mechtild at 2011-03-13 18:41 (UTC) (Link)
Oh, Estë, thanks so much. It's a lovely thing, the poem, and the paintings suit it well. Yes, the gold of that bottom one really captures the late northern light.
verangel at 2011-03-25 21:48 (UTC) (Link)
I sent my Anna to Ireland/Scotland with her school choir and am catching up. My days have been hectic.

THIS is so warm...the scents so loving and full. The silence is not silence but the breath of all the love in the room and senses lulled from the scent and taste and feel of warm security and tenderness. He was loved and protected. The future would be so harsh on this sweet soul.
Lovely pictures to accompany these gorgeous words. "Mumma" *sighs* I love this and how she holds her son and he nuzzles into her. The last picture had the warm glows that matched the warm feeling accompanying a frigid cold reality outside.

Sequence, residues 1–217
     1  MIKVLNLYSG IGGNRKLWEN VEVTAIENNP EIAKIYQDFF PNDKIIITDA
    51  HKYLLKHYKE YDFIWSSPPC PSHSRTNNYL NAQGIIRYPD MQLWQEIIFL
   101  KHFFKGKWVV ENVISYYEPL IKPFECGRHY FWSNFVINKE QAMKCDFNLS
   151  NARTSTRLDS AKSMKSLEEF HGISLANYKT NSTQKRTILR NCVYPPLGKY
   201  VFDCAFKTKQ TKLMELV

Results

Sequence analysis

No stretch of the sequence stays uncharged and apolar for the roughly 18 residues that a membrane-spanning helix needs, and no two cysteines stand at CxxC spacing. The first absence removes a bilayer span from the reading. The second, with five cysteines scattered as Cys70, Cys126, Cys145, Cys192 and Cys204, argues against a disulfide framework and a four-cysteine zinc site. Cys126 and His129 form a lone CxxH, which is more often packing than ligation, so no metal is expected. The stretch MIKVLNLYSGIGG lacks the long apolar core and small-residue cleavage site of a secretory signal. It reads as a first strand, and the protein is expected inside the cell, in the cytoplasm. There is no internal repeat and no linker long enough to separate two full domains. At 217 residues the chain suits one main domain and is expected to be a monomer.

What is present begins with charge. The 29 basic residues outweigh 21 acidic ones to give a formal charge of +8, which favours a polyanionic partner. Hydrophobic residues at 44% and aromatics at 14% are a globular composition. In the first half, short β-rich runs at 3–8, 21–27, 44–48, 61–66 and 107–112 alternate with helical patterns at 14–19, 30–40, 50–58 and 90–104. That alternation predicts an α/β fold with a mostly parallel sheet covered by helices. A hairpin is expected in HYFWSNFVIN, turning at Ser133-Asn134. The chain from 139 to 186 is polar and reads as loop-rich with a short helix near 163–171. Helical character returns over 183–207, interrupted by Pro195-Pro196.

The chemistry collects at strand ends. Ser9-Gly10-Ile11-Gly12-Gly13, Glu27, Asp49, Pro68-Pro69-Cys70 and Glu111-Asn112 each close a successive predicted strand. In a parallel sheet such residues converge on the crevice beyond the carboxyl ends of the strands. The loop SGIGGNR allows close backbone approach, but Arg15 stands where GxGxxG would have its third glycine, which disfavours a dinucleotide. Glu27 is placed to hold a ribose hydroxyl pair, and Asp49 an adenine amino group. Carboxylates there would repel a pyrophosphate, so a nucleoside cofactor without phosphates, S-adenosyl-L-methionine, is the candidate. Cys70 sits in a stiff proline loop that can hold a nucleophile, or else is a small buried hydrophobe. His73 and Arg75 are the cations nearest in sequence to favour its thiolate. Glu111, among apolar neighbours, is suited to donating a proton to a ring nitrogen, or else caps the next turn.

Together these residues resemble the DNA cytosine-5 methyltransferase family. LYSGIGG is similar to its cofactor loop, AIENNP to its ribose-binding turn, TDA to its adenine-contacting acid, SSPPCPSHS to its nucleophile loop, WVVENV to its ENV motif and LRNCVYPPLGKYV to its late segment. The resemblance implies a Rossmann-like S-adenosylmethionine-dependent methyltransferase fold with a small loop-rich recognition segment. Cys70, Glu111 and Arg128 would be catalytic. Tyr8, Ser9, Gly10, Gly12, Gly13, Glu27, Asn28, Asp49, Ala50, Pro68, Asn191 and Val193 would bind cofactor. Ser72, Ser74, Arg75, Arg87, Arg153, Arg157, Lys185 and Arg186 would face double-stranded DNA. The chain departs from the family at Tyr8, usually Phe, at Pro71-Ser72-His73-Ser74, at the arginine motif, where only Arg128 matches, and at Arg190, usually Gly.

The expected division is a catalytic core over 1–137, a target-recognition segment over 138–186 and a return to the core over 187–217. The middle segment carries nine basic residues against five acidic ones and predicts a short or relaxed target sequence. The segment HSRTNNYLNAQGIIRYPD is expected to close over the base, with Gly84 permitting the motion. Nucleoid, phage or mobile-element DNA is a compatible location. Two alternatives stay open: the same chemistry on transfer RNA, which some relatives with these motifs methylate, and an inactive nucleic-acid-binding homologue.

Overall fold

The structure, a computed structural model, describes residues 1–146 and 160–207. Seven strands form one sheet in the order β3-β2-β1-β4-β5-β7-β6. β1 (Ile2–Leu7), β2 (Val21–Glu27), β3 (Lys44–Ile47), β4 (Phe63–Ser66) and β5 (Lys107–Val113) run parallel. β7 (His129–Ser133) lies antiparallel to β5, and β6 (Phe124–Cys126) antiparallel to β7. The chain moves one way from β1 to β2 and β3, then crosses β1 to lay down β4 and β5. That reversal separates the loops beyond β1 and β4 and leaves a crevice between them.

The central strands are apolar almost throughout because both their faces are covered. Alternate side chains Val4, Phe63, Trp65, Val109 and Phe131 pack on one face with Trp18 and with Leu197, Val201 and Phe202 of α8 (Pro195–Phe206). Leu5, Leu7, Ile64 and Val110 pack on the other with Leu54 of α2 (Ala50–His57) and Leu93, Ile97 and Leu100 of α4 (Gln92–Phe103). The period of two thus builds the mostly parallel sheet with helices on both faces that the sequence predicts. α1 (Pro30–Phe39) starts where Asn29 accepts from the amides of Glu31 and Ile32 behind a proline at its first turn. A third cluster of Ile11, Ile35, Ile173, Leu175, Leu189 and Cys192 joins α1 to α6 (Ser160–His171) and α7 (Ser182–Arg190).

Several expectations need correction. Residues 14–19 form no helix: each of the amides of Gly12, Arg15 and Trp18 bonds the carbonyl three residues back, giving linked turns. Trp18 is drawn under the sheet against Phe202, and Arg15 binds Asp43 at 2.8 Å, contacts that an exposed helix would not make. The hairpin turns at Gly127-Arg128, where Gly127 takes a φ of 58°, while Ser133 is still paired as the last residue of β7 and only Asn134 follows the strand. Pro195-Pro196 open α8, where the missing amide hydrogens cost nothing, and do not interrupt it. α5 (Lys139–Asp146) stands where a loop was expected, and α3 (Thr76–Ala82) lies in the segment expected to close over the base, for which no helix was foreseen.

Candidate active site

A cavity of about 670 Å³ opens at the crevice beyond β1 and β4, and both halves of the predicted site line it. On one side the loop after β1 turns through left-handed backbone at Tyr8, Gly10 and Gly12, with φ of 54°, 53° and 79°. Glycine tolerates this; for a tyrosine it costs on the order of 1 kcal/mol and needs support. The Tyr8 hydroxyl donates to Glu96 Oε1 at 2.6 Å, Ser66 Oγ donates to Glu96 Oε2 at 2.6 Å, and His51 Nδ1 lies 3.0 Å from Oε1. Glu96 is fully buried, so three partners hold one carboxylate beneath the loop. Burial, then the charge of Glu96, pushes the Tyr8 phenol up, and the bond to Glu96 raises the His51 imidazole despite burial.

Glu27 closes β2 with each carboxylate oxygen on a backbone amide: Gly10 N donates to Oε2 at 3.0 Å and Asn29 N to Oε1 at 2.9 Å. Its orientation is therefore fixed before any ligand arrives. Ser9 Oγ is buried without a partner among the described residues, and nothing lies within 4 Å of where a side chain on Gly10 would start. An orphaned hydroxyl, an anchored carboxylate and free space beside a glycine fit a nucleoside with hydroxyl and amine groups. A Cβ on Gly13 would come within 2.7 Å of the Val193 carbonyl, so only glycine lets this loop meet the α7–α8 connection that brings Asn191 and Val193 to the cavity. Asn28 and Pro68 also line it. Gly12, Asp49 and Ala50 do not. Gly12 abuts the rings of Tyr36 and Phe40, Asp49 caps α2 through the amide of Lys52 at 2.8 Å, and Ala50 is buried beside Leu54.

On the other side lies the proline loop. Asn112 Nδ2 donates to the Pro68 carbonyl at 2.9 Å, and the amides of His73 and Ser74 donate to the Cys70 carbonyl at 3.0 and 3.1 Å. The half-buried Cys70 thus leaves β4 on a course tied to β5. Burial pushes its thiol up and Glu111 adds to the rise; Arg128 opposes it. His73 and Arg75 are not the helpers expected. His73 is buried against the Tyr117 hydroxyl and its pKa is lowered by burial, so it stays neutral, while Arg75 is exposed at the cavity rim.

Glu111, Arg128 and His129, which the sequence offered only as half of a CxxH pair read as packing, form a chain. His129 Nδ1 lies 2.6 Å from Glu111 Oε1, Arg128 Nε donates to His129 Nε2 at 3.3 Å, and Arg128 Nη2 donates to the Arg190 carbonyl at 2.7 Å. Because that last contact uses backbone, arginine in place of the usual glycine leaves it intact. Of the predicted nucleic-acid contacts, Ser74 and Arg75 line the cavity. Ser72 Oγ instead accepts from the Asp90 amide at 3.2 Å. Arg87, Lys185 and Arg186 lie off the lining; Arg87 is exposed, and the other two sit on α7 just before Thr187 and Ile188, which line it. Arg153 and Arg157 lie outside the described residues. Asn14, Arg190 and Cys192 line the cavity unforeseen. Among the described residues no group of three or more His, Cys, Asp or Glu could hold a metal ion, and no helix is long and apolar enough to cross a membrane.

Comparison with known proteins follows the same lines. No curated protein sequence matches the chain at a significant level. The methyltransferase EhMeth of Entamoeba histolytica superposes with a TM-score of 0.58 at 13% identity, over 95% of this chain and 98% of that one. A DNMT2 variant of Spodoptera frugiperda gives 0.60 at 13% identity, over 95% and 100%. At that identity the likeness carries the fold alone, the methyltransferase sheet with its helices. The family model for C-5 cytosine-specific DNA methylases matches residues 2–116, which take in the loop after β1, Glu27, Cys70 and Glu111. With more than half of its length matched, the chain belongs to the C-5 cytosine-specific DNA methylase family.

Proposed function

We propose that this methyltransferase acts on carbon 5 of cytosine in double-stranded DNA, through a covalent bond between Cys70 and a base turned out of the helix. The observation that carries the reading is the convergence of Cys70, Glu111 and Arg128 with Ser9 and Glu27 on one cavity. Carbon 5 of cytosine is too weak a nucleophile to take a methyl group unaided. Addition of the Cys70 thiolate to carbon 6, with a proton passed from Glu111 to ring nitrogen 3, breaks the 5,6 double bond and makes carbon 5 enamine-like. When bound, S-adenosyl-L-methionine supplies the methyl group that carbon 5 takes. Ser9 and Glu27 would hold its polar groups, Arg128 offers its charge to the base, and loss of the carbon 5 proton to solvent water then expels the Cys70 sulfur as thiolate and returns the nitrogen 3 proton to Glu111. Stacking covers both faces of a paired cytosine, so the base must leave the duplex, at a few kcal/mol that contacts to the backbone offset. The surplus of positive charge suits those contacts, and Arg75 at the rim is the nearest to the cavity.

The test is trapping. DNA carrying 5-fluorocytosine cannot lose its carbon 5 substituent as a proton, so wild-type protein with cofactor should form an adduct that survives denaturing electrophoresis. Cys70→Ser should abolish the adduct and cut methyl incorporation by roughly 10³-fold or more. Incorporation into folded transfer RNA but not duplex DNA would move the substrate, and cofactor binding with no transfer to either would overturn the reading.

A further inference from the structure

hugs you and Jan-u-wine close. xooxoxo love v
mechtild at 2011-03-26 00:56 (UTC) (Link)
Your Anna is gone to Ireland and Scotland to sing choral music? What a wonderful opportunity! What grade is she in, if I may ask?

Thanks so much for stopping into Mechtild's, Verangel. There are quite a few jan-u-wine poems being posted here, a treat for me after a long quiet spell. I love the atmosphere and mood of this piece, too. The scents, the touches, the sights, the words spoken, all of it redolent of deep, warm, mutual love.
verangel at 2011-03-26 06:17 (UTC) (Link)
Anna is a Sophomore (10th) in HS. She turned 16 in Jan. xoxoo v
mechtild at 2011-03-26 12:52 (UTC) (Link)
That's a fine age. How excellent to be on such a trip, singing, at fifteen going on sixteen! I love her name, by the way, "Anna".